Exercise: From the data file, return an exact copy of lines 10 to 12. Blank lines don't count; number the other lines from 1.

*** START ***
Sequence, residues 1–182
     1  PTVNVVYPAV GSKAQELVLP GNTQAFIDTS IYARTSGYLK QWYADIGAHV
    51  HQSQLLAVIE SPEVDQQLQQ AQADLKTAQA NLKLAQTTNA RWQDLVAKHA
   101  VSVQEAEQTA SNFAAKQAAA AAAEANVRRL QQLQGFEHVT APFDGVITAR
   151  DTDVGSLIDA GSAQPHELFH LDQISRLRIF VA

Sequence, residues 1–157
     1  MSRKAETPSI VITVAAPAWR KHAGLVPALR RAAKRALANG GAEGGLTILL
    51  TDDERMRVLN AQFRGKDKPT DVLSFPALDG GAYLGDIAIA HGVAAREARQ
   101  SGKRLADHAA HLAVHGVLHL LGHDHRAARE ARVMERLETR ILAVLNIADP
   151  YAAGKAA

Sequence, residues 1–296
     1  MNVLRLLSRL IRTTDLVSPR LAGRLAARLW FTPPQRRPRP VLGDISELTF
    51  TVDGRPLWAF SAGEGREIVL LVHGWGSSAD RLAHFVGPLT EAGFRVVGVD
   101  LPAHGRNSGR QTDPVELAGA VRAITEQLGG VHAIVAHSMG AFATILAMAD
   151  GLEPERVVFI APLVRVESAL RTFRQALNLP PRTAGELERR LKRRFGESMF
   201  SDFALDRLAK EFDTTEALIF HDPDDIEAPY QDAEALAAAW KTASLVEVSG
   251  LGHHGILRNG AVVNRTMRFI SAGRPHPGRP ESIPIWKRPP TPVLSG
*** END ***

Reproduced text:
   151  YAAGKAA

Sequence, residues 1–296
     1  MNVLRLLSRL IRTTDLVSPR LAGRLAARLW FTPPQRRPRP VLGDISELTF